Covid-19 really started being a concern in the Washington DC area just before the cherry blossom season. We had an unusually mild, dry winter that allowed the cherry blossoms to bloom a bit earlier in the year than they usually do. So I was excited to be able to visit the Tidal Basin with a bit less of a crowd since travel was in the process of slowing down and social distancing was starting to become a new term. I tried to go as much as I could until it started to get too crowded. When it got to be too much, I decided to just stay home and be happy with the images I was able to create. My logic was to take as many pictures as I could until it got to be unsafe and then spend quarantine editing them.
Weekdays at sunrise are really the best times to visit the Tidal Basin during cherry blossom season, Coronavirus or not.
The last day I was at the Tidal Basin when it started to get a little too crowded
The cherry blossom trees are smaller at the Washington Monument, but still just as beautiful. I tried capturing a few images from there since it’s a larger area to roam.
Cherry blossom trees are seen from the George Mason Memorial
Mt Vernon Trail/Georgetown
That weekend, Andrew and I decided that we should try to get out “one last time” before we had to stay home. We decided that the Mount Vernon trail would be a good place to go and stretch our legs. Andrew walked Frankie on the trail which allowed me to take my camera and capture a few images as well.
At the cherry blossom peak bloom, but the pink flowers came out a little hazy in the fog.
(L) A quick stop in Georgetown along the Key Bridge. (R) Views of the Washington Memorials are seen all along the Mount Vernon Trail.
So this is where my real pandemic images begin. It had been about 1.5-2 weeks since our walk on the Mount Vernon trail and I was going crazy. I had never purposely taken such a long break from taking pictures, and it was not making me feel good. I was really craving creativity, seeing what this new world looked like, and just to walk around with my camera. So I started locally. I mean really local since I live within a few blocks from the metro. I figured with public transportation being at an all-time low, it was probably the safest and most isolated I would ever see it.
After a rainy day (or night) in the Washington DC area, you can count on finding a lot of puddles in the National Mall. In grassy areas and things, I think that is expected, but this image was taken on the steps on the way down the Lincoln Memorial Reflecting Pool. There is a landing in the middle of the steps that almost always has a puddle. The questionable part is that sometimes it doesn’t even have to rain for there to be a puddle either. Regardless, this puddle is great for reflections.
The sunrise this day wasn’t the best. It was very blue with overcast skies. So to make it a little more interesting, I thought the puddle could create some interesting symmetry. I purposely left that gap in the middle so that you can see that this was not taken at the actual reflecting pool.
But on a side note, I got a new tripod! I received the new Peak Design tripod a little bit before the holidays. It’s been so much more convenient to carry this travel tripod around then my previous Gitzo tripod. I plan on doing a review on it soon so if you have any questions, let me know in the comments!
My camera settings for this image are F4 at 1/160th sec and ISO 1600 and my Sony A7II and 16-36mm wide-angle lens.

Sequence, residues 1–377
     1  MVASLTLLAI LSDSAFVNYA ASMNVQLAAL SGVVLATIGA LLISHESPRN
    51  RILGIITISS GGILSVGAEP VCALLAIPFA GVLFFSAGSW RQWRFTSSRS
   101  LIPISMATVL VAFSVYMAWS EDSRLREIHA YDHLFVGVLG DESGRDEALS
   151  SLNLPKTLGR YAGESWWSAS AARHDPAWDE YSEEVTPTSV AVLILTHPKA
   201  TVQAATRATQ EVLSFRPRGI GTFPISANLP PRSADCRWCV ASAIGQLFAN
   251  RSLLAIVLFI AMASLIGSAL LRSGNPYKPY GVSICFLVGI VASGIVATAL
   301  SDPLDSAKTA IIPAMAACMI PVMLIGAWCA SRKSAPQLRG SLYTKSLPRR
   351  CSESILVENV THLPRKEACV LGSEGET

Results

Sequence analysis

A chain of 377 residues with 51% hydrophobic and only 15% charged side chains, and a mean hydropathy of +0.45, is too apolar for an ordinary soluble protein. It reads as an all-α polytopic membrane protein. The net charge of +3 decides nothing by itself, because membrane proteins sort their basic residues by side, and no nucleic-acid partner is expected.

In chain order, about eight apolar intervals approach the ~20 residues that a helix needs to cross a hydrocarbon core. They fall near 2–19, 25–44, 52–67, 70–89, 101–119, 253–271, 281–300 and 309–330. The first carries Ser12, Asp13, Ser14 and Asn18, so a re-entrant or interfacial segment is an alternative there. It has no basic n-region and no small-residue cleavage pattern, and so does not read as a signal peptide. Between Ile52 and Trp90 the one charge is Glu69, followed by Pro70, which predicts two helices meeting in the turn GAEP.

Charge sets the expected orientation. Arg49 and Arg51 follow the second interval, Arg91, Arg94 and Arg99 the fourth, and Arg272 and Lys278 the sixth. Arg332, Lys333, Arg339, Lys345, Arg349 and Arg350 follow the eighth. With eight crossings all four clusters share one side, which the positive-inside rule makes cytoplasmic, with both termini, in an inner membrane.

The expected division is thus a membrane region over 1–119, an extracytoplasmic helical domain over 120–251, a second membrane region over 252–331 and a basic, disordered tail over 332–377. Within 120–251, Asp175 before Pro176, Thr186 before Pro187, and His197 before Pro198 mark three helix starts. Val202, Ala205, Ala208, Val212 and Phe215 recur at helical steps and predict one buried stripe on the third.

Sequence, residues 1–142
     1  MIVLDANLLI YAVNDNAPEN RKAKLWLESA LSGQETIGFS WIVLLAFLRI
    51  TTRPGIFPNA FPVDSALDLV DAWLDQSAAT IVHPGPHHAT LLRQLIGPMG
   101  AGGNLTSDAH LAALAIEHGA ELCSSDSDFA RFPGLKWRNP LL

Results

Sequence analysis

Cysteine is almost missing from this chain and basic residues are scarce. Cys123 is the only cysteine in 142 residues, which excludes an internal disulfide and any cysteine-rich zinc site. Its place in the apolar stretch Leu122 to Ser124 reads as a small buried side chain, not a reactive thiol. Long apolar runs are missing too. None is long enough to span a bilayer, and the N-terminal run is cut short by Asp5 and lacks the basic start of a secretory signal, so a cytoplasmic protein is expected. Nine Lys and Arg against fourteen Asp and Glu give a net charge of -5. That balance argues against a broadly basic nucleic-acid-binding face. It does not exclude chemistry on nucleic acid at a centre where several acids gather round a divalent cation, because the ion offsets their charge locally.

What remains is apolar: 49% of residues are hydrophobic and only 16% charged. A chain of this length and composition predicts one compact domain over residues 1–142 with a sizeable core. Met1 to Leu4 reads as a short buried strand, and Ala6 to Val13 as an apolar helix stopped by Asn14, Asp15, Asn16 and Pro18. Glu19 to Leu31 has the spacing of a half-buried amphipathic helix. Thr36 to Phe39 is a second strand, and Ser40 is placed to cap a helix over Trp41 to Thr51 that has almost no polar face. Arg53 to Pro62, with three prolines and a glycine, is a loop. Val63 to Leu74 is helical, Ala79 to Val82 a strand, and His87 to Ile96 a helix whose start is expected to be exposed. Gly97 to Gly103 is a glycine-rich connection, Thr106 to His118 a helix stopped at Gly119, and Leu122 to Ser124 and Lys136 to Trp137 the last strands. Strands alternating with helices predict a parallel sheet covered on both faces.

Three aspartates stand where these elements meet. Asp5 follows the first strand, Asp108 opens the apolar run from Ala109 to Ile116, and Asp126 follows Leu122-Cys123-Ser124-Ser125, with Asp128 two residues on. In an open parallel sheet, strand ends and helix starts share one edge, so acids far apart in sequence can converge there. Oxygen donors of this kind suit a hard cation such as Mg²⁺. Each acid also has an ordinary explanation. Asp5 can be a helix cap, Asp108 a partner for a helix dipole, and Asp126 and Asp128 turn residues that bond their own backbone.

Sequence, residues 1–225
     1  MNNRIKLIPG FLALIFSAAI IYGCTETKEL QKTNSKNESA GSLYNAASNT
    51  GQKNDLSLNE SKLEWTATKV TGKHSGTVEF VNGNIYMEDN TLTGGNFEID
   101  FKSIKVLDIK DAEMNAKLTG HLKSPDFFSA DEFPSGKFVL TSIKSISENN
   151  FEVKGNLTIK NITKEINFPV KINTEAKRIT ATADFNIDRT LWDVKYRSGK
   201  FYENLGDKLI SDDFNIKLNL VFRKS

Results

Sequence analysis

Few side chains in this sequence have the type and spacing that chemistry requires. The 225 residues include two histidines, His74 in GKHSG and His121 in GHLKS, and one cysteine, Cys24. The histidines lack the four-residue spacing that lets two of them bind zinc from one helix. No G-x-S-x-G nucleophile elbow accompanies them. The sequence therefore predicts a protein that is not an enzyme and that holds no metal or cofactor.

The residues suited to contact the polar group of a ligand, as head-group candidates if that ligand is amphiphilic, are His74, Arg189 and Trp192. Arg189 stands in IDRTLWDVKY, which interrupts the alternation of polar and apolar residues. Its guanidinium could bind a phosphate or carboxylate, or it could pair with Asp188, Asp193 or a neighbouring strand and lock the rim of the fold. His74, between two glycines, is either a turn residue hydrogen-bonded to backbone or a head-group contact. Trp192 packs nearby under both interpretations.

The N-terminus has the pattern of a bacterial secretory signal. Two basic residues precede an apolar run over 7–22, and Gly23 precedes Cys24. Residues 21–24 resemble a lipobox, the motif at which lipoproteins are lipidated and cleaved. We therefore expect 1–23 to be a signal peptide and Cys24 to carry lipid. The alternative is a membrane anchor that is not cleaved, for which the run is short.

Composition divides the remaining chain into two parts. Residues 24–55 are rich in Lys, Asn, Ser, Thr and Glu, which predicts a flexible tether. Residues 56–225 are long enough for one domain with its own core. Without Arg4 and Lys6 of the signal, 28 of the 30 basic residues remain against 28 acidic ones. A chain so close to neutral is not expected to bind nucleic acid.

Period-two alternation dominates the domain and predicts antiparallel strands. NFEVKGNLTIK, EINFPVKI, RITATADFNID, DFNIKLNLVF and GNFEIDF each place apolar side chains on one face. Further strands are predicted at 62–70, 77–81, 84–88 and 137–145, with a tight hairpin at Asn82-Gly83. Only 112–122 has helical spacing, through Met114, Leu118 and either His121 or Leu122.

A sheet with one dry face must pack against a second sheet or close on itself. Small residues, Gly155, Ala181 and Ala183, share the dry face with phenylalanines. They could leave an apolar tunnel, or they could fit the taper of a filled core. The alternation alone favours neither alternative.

These images were taken on July 3rd. My friend, Laily invited me to her neighborhood firework show and it was a great one. Since it wasn’t the National Mall, I decided I was going to concentrate on a few different things. 1. on just the fireworks, 2. the crowds of people, 3. different exposure techniques. In the end, it was the images of just the fireworks that I liked the most. Not bad for a neighborhood show!
Unfortunately, I did not take pictures on the 4th. It had been raining all evening and to be honest, it just scared me away. I had experience of rain on the fourth and the fireworks had been less than spectacular so I decided to just sit it out. It was a last minute decision I honestly kinda regret. It looked like the beginning of the firework display was awesome but then fizzled into just colorful smoke by the end. Either way, there’s always next year 🙂
And now that I have a better idea of where the fireworks are shooting from, I think I’ll be more prepared for next time!
Last week I got invited to go to Altaire’s rooftop. If you don’t know Altaire, it is a luxury apartment complex right off 395 in Crystal City.
It’s been a while since I’ve been to Crystal City in Arlington, Virginia but I’ve always known it for the Pentagon and a few good restaurants. It has actually come up in conversation recently because Amazon has decided to build an office there. But other than that, I’ve never really spent that much time there.
So I was excited to get the invite. I was wondering what kind of views I could get from Crystal City since I’ve never actually photographed anything there. HOLY COW! My jaw dropped. The views are stunning. I’m pretty sure I’ll be sharing images from here for a while because I was literally like a kid in a candy store just snapping away. I can’t even imagine what it would be like to live in one of these apartments and waking up with a view like this. I don’t think I would ever leave my house. Either that or set up a tripod on my balcony and just time lapse it all day. LOL.
This image was taken just after sunset. I was waiting for the sun to go down so that I could get these car trails along the highway. I think it’s so interesting to look at all the different layers of this image and try to figure out where everything is located. For example, I think those purple lights in front of the US Capitol building is the Wharf, right?
Thanks again to the good people at Altaire for having Larry and I there. I had a B-L-A-S-T!
My camera settings for this image is F4 at 0.8 seconds and ISO 800 with my Sony A7II and 70-200mm zoom lens.